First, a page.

Chap003

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Chapter 03 - Participating in the Market
Solutions Manual
Chapter 03
Participating in the Market
Answers to Discussion Questions
1. Explain the difference between a cash account and a margin account.
3-1.
A cash account requires full payment for the purchase, while a margin account allows
the investor to borrow a percentage of the securities' purchase price from the
brokerage firm. The margin is the percentage of the purchase price that you must put
down as payment. The amount allowed to be borrowed is 1 minus the margin
percentage.
2. What is meant by the concept of minimum maintenance standards (or requirements) for
margin?
3-2.
There is a minimum amount of margin or equity that must be maintained in the
account. This is usually equal to 25 percent of current market value of the margined
security (30 percent on a short sale). If one goes below the minimum standard,
additional margin must be placed in the account. Actually, many brokerage houses set
standards above those cited.
3. Why is bad news “good news” to the short seller?
3-3.
The short seller has sold borrowed stock with the intention of buying it back at a lower
price in the future. Bad news is good news to the short seller because it will help drive
down stock prices and make the later repurchase more profitable.
4. Explain what is meant by a limit order. How does a stop order differ from a limit order?
3-4.
A limit order limits the price at which you are willing to buy or sell, and assumes that
you will pay no more than the limit price on a buy or receive no less than the limit
price on a sell.
A stop order is similar to a limit order in that it is set to be executed at a
specified price. However, a stop order is different in that it becomes a market order
once that price is hit. Thus, a stop order is assured of being executed even if it is at a
slightly less desirable price. A limit order can only be executed at the specified price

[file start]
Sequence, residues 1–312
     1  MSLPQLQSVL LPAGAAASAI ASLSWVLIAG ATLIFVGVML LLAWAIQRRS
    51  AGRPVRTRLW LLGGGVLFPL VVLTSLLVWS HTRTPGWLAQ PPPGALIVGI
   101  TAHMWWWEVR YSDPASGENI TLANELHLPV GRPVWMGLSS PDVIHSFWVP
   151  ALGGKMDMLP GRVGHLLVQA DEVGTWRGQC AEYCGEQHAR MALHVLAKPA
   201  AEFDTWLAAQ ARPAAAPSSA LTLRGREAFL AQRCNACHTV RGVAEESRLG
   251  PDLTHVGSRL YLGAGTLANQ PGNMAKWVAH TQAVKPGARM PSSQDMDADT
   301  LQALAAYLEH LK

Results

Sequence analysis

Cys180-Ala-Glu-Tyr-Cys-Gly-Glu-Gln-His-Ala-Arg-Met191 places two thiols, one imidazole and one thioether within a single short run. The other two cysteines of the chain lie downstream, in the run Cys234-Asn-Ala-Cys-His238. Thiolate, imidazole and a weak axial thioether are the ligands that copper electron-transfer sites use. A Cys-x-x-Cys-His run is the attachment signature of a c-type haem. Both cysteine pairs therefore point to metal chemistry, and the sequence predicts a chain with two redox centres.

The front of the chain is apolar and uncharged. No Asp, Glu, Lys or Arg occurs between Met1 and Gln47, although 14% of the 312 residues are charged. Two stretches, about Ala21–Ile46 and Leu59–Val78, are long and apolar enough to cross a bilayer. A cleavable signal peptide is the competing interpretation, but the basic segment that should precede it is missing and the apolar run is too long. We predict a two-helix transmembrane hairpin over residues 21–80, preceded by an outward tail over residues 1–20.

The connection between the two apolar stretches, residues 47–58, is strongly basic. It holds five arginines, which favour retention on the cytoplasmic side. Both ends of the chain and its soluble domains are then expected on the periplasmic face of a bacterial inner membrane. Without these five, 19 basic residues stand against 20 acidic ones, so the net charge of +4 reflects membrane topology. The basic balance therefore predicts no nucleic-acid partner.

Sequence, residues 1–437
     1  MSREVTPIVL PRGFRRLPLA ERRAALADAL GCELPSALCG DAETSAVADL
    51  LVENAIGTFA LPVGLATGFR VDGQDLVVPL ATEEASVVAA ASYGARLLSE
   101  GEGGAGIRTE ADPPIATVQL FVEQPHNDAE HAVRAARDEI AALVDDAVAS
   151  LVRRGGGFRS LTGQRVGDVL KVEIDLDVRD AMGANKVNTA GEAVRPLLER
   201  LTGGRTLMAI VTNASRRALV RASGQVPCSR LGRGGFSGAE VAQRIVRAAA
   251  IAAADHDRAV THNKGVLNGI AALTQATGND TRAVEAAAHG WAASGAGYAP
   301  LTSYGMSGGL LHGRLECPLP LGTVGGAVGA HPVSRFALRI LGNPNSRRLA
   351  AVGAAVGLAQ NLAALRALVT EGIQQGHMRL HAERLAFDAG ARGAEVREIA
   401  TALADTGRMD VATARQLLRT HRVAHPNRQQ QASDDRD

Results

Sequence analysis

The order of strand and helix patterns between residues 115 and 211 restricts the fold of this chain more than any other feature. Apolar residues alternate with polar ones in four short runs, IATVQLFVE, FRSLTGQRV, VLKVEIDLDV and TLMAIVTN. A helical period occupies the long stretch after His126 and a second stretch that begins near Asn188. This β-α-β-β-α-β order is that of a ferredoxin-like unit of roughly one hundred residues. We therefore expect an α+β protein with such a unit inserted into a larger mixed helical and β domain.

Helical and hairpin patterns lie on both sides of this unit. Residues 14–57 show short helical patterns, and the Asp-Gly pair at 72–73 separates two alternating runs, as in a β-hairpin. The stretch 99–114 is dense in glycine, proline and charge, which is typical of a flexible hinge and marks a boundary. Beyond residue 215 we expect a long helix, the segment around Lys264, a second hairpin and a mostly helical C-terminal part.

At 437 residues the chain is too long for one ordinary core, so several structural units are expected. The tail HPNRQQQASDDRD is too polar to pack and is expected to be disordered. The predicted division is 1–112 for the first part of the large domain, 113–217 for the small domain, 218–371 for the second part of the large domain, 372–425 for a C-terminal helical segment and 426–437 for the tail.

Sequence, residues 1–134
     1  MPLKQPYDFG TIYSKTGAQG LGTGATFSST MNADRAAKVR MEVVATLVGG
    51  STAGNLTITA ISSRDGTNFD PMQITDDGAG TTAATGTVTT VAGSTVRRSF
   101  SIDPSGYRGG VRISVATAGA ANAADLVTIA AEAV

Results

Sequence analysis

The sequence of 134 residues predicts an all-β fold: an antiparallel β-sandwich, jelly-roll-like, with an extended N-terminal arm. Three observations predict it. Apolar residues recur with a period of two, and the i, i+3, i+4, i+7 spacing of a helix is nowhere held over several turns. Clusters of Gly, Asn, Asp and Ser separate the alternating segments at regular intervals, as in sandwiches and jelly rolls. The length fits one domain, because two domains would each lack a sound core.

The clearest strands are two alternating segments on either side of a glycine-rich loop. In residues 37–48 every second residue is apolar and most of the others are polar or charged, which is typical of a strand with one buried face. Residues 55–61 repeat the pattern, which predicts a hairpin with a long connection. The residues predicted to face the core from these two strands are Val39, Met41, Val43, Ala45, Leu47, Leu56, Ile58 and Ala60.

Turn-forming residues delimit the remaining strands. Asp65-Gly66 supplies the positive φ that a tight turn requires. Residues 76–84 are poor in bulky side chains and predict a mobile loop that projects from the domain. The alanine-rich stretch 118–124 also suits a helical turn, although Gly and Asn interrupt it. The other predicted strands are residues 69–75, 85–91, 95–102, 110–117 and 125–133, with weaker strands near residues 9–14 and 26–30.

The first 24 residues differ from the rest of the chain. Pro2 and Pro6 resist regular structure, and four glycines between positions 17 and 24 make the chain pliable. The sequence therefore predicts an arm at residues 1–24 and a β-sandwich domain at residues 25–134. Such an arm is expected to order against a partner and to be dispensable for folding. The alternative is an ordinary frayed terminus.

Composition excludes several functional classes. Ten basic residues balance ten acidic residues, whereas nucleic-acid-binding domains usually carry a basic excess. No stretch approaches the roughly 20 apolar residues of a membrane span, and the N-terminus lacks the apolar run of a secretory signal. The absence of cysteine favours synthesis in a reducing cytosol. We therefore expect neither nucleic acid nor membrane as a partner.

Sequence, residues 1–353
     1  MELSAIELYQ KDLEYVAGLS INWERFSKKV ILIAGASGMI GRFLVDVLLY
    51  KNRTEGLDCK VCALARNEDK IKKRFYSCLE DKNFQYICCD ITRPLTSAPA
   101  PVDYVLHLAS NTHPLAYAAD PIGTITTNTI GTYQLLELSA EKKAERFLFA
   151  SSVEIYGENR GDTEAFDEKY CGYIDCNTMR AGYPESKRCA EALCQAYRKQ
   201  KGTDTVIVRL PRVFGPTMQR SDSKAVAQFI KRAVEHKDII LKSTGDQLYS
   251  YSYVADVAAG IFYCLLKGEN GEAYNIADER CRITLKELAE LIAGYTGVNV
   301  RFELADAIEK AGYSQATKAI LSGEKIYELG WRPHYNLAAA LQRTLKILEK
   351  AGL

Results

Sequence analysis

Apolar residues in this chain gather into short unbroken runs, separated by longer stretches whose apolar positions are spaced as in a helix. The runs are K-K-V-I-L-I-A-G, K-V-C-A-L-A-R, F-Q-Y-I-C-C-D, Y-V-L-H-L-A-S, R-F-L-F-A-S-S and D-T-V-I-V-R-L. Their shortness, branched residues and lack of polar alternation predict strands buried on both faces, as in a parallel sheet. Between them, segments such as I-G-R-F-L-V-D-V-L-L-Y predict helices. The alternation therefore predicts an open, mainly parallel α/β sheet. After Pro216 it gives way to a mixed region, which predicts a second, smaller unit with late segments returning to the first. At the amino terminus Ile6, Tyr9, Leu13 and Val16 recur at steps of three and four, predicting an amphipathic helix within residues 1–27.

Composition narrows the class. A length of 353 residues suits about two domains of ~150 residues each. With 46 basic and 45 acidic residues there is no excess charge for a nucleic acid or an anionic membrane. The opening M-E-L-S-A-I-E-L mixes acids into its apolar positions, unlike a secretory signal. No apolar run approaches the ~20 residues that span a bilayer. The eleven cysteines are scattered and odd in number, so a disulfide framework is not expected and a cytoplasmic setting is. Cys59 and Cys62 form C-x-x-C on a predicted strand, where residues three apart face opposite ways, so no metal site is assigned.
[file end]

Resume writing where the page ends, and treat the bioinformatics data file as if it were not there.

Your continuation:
or better and may go unfilled if there are many orders ahead of the investors at the
price desired in the execution process.
3-1
Chapter 03 - Participating in the Market
5. What is the difference between day orders and GTC orders?
3-5.
A day order will expire at the end of the day if not executed while a GTC (good till
canceled) order will remain in effect on the specialist's book until taken off or
executed.
6. On a 100-share trade, what would be the expected dollar commission with a full-service
broker, a discount broker, and an online broker?
3-6.
Full-Service Broker
Discount broker
Online broker
$100
42
7
7. What is the difference between the meaning of the marginal tax rate and the average tax
rate for a taxpayer?
3-7.
The marginal tax rate applies to income within a given tax bracket (10%, 15%, 25%,
etc). The average tax rate represents total taxes paid divided by taxable income.
8. Why is the Dow Jones Industrial Average considered a “blue-chip” measure of value?
3-8.
Because the Dow Jones Industrial Average is made up of stocks of very high quality,
it is considered a blue-chip measure of value. As an aside the instructor may point out
that, blue chips have the highest value in a poker game with red chips in the middle
and white chips having the least value. In China "red chips" have the highest value.
9. How is the Dow Jones Industrial Average adjusted for stock splits?
3-9.
Each time a company splits its shares (or pays a stock dividend), the divisor is reduced
to maintain the average at the same level as that prior to the change. If this were not
done, the lower priced stock after the split would lower the average, giving the
appearance that the index had fallen.
10. What are the criticisms and a defense of the Dow Jones Industrial Average?
3-10. The DJIA is one of the most popular indexes, but it represents only 30 blue chip
stocks. It is criticized as being too selective and representing too few stocks. Its
defense is that it does follow the general trend of the market and its stocks represent
over 25 percent of the NYSE value.
11. Explain the price-weighted average concept as applied to the Dow Jones Industrial
Average.
3-2
Chapter 03 - Participating in the Market
3-11. Each stock is weighted by its price. Equal percentage changes in high priced stocks
have more impact than the same percentage change in low priced stocks. A priceweighted index is similar to what you normally use in computing averages.
12. What categories of stocks make up the Standard & Poor’s 500 Stock Index?
3-12. The Standard & Poor's 500 Stock Index is comprised of 369 industrials, 16
transportation firms, 48 utilities, and 67 financial firms.
13. Why was the Standard & Poor’s MidCap Index created?
3-13. The Standard & Poor's MidCap Index was intended to answer the complaint that the
S&P 500 Index only shows the performance of larger firms. By using an index of
middle size firms, portfolio managers with comparable size holdings can more
accurately track their performance against an appropriate measure.
14. What is a value-weighted index? Explain the impact that large firms have on valueweighted indexes such as the S&P 500.